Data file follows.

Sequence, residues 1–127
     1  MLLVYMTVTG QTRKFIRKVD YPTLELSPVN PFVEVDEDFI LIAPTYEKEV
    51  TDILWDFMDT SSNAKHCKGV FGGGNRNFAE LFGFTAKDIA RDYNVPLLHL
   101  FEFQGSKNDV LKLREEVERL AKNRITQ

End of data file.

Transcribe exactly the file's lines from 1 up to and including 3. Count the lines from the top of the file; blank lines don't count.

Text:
Sequence, residues 1–127
     1  MLLVYMTVTG QTRKFIRKVD YPTLELSPVN PFVEVDEDFI LIAPTYEKEV
    51  TDILWDFMDT SSNAKHCKGV FGGGNRNFAE LFGFTAKDIA RDYNVPLLHL